reveal that she worked in the film.
- 67. Yale Vs. Harvard (small part)
- Sep. 24, 1927 - Roach/MGM - 2 reels - prod. G-1 - Our Gang series
- Filmed June 13 to 24, 1927. ©Aug. 17, 1927.
- 68. The Old Wallop (supporting role)
- Oct. 22, 1927 - Roach/MGM - 2 reels - prod. G-2 - Our Gang series
- Filmed Aug. 8 to 20, 1927. ©Oct. 22, 1927.
- 62. Chicken Feed (supporting role)
- Nov. 6, 1927 - Roach/Pathé - 2 reels - prod. K-20 - Our Gang series
- Filmed Mar. 28 to Apr. 15, 1927. ©June 9, 1927.
- 69. Heebee Jeebees (supporting role)
- Nov. 19, 1927 - Roach/MGM - 2 reels - prod. G-3 - Our Gang series
- Also listed for Nov. 29, 1927. Filmed Aug. 29 to Sep. 13, and Sep. 30, 1927. ©Nov. 1, 1927.
- 70. Dog Heaven (supporting role)
- Dec. 17, 1927 - Roach/MGM - 2 reels - prod. G-4 - Our Gang series
- Filmed Sep. 15 to Oct. 13, 1927, with retakes Nov. 1, 1927. ©Nov. 26, 1929.
- From mid-July to early August, the Our Gang kids worked in "Election Day," a film in which Jean does not appear. However, she did appear in at least
two publicity photos taken at the ranch during filming.
- From August to October of this year, the Our Gang kids traveled throughout the country on a personal appearance tour.
- 65. Playin' Hookey (small part)
- Jan. 1, 1928 - Roach/Pathé - 2 reels - prod. K-24 - Our Gang series
- Filmed June 27 to 29, and Aug. 1 to 6, 1927. ©Feb. 6, 1928.
- 72. Rainy Days (supporting role)
- Feb. 11, 1928 - Roach/MGM - 2 reels - prod. G-6 - Our Gang series
- Filmed Nov. 4 to Dec. 28, 1927. ©Feb. 11, 1928, and Sep. 4, 1929.
- 74. Barnum & Ringling, Inc. (featured role: Jean)
- Apr. 7, 1928 - Roach/MGM - 2 reels - prod. G-8 - Our Gang series
- Filmed Dec. 21, 1927, to Jan. 9, 1928. ©Apr. 7, 1928. Released with a synchronized soundtrack.
- 75. Fair And Muddy (supporting role)
- May 5, 1928 - Roach/MGM - 2 reels - prod. G-9 - Our Gang series
- Filmed Jan. 16 to Feb. 8, 1928. ©May 5, 1928.
- 76. Crazy House (featured role: Jean)
- June 2, 1928 - Roach/MGM - 2 reels - prod. G-10 - Our Gang series
- Filmed Feb. 10 to 24, 1928. ©May 16, 1928.
- 77. Growing Pains (small part)
- Sep. 22, 1928 - Roach/MGM - 2 reels - prod. G-11 - Our Gang series
- Filmed Feb. 27 to Mar. 15, 1928. ©Sep. 22, 1928.
- 78. The Ol' Gray Hoss (supporting role)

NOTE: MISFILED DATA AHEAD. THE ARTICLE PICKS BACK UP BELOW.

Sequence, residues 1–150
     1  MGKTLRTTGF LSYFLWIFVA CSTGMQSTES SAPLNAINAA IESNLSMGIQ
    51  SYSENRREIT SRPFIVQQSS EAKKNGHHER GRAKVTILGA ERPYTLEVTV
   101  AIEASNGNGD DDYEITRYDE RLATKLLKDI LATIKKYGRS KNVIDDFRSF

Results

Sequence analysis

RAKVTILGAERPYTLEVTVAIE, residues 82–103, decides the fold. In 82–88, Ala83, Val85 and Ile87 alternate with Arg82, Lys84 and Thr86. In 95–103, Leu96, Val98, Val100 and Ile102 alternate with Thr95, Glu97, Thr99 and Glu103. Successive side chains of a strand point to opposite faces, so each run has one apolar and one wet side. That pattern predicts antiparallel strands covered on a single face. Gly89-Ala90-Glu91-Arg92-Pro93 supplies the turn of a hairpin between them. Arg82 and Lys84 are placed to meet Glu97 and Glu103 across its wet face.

- Oct. 20, 1928 - Roach/MGM - 2 reels - prod. G-12 - Our Gang series
- Filmed May 7 to 26, 1928, with retakes Aug. 16, 1928. ©Oct. 20, 1928. Released with a synchronized soundtrack.
- 79. School Begins (supporting role: Jean)
- Nov. 17, 1928 - Roach/MGM - 2 reels - prod. G-13 - Our Gang series
- Premiered Sep. 16, 1928. Filmed June 7 to 28, 1928. ©Nov. 17, 1928. Released with a synchronized soundtrack.
- 80. The Spanking Age (supporting role)
- Dec. 15, 1928 - Roach/MGM - 2 reels - prod. G-14 - Our Gang series
- Filmed July 2 to 14, 1928. ©Dec. 15, 1928. Released with a synchronized soundtrack.
- On January 28th, Jean's salary was raised to $60 a week.
- During this year, Jean and her fellow Gangsters were featured in a picture book called A Story Of Our Gang, written by Eleanor Lewis Packer.
- Jean's last week of work in the Our Gang series was the one ending on July 13th.
- Jean's contract came to an end the week ending July 27th.
- 82. Noisy Noises (small part)
- Feb. 9, 1929 - Roach/MGM - 2 reels - prod. G-16 - Our Gang series
- Filmed Oct. 29 to Nov. 10, 1928. ©Mar. 5, 1929. Released with a synchronized soundtrack.
- 83. The Holy Terror (supporting role)
- Mar. 9, 1929 - Roach/MGM - 2 reels - prod. G-17 - Our Gang series
- Filmed Nov. 19 to 28, 1928. ©July 11, 1929.
- 84. Wiggle Your Ears (featured role: Jean)
- Apr. 6, 1929 - Roach/MGM - 2 reels - prod. G-18 - Our Gang series
- Filmed Dec. 4 to 12, 1928. ©Mar. 5, 1929. Released with a synchronized soundtrack.
- 85. Fast Freight (supporting role)
- May 4, 1929 - Roach/MGM - silent - 2 reels - prod. G-19 - Our Gang series
- Filmed Dec. 10 to 27, and Dec. 29, 1928. ©Apr. 1, 1929.
- 89. Small Talk (supporting role: Jean)
- May 18, 1929 - Roach/MGM - talkie - 3 reels - prod. G-23 - Our Gang series
- Also listed for Apr. 18, 1929. Filmed Mar. 25 to Apr. 6, 1929. ©July 30, 1929.
- 86. Little Mother (small part)
- June 1, 1929 - Roach/MGM - silent - 2 reels - prod. G-20 - Our Gang series
- Filmed Feb. 4 to 13, 1929. ©June 3, 1929.
- 90. Railroadin' (supporting role)
- June 15, 1929 - Roach/MGM - talkie - 2 reels - prod. G-24 - Our Gang series
- Filmed Apr. 17 to 25, 1929. ©Dec. 9, 1929.
- 92. Lazy Days (small part: Jean)
- Aug. 24, 1929 - Roach/MGM - talkie - 2 reels - prod. G-26 - Our Gang series
- Also listed for Aug. 15, 1929, and Oct. 24, 1929. Filmed June 10 to 20, 1929. ©Aug. 26, 1929.
- 91. Boxing Gloves (supporting role: Jean)
- Sep. 9, 1929 - Roach/MGM - talkie - 2 reels - prod. G-25 - Our Gang series
- Filmed May 13 to 25, 1929. ©Sep. 9, 1929.
- 87. Cat, Dog & Co. (supporting role)
- Sep. 14, 1929 - Roach/MGM - silent - 2 reels - prod. G-21 - Our Gang series
- Filmed Feb. 20 to Mar. 2, 1929. ©Sep. 3, 1929. Released with a synchronized soundtrack.
- 93. Bouncing Babies (small part)
- Oct. 12, 1929 - Roach/MGM - talkie - 2 reels - prod. G-27 - Our Gang series
- Filmed July 5 to 15, 1929. ©Sep. 23, 1929.
- 88. Saturday's Lesson (supporting role)
- Nov. 9, 1929 - Roach/MGM - silent - 2 reels - prod. G-22 - Our Gang series
- Filmed Mar. 5 to 11, 1929. ©Sep. 9, 1929. Released with a synchronized soundtrack.
- According the Jean's memoirs, Harry Weber offered to put Jean in an act with Scooter Lowry, Peggy Eames and Harry Spear, which would tour the
RKO-Orpheum circuit, but her mother refused this and Jean ended up with a solo act. Maltin & Bann state that the four kids actually toured together,